As the prodigal walks home, he prepares his speech. This is the confessor’s checklist.

·      I have sinned against God
·      I have sinned against people
·      I am not worthy to be God’s child
·      Please accept me at the lowest level of acceptance

Anyone with a tender conscience can identify with the humiliating feelings and conclusions the son came to. First, he acknowledges that he has sinned against God. All sin is first an act of offence against the One who created us.

But, it’s not enough to excuse myself before God. I have also sinned against people. There is no hint of blame in the confession. The young man accepted that it was his actions that brought him to this dead end.

We must confess that we have sinned by our own fault, our own most grievous fault. Our sins cannot be called errors in judgment, nor is there any room to blame them on upbringing or family or mean neighbors. This is a Reality Therapy of the best sort since we are so prone to blame our sins on everybody and everything instead of taking personal responsibility for them. [i]

Before God and the people I sin against, I have forfeited my worth as a child of God. I am not worthy of belonging to God’s family. I am hopelessly wrecked and will always fail. I do not understand why God would give me a chance, but I’m desperate and I’ll take his help if He is willing.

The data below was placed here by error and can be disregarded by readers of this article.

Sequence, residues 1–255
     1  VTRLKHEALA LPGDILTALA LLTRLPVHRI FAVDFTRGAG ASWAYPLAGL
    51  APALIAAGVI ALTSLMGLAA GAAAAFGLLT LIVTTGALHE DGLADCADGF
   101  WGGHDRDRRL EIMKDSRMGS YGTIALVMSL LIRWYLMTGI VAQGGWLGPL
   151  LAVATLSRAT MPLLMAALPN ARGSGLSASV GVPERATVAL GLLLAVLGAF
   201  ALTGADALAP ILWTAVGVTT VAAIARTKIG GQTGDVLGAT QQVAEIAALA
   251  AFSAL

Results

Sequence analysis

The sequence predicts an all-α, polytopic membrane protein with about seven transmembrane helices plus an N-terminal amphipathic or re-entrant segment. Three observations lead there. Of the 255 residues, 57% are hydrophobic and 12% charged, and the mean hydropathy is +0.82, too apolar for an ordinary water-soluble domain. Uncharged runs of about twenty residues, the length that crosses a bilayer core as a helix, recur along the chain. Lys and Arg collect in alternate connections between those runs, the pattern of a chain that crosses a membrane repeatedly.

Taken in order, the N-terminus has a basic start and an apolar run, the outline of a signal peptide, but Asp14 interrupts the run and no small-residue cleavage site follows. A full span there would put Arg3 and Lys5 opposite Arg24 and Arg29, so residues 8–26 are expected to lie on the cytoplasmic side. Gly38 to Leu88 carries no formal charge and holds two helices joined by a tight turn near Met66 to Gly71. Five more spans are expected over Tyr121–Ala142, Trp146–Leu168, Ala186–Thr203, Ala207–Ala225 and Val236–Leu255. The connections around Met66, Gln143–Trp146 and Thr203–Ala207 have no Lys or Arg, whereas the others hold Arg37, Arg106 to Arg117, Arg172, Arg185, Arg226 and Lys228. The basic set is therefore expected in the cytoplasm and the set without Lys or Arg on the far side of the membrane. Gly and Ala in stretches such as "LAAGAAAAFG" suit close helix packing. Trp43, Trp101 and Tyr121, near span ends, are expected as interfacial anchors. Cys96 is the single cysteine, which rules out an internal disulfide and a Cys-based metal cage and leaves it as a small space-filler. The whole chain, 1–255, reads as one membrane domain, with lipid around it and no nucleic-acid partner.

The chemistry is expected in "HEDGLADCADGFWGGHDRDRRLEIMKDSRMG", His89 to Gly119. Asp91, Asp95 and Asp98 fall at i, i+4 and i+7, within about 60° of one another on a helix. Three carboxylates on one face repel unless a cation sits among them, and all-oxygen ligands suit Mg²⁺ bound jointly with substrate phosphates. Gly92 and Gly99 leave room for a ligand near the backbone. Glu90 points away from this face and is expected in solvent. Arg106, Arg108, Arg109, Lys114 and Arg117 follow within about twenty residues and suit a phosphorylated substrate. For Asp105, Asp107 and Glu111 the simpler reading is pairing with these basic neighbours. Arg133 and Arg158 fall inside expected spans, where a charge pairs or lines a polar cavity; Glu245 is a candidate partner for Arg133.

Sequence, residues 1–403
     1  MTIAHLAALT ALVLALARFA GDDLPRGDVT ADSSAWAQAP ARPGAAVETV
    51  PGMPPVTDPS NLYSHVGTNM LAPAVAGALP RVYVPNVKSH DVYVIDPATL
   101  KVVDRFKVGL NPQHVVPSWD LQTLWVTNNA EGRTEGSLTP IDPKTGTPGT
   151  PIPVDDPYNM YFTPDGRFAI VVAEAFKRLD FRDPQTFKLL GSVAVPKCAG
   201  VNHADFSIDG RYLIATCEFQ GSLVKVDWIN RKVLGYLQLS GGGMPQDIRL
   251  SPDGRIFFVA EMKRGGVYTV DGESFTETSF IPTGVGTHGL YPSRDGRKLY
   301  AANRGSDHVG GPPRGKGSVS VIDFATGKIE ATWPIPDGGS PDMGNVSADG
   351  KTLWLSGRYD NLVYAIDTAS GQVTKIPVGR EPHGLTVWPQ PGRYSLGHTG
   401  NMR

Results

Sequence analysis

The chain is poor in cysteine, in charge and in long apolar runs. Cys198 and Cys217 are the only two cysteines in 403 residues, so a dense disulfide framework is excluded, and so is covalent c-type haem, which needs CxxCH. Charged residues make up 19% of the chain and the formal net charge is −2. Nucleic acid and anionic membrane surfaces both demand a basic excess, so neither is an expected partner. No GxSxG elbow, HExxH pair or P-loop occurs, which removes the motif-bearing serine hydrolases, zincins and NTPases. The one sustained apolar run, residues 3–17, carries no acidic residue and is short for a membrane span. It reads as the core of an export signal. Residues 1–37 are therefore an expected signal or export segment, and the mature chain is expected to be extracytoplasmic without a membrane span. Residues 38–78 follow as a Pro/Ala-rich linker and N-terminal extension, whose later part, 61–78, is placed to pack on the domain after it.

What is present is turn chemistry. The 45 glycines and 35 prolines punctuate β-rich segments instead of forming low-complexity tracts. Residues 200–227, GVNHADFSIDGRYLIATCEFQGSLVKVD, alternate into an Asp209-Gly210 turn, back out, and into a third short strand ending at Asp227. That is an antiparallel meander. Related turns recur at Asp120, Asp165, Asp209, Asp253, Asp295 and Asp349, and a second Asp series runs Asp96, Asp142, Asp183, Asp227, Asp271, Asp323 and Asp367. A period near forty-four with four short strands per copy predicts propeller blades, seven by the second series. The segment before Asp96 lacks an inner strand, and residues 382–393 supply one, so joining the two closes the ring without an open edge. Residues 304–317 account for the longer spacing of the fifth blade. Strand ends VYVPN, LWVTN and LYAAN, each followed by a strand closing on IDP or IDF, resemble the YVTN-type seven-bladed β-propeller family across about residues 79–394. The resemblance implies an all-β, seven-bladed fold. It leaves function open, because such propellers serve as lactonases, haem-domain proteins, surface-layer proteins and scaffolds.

The boy recognized that his father was a good man who was kind and caring toward even the lowest servant in the house. By comparing himself to the lowest, he is hoping that the father will take pity and accept him at a less intimate level than he had as a son.

Our self-speech around sinfulness and repentance often assumes that intimacy with God is no longer possible if we come to him. We will take our punishment and quietly sit in the background.

[i] Richard Foster, Celebration Of Discipline, Perfectbound, p.148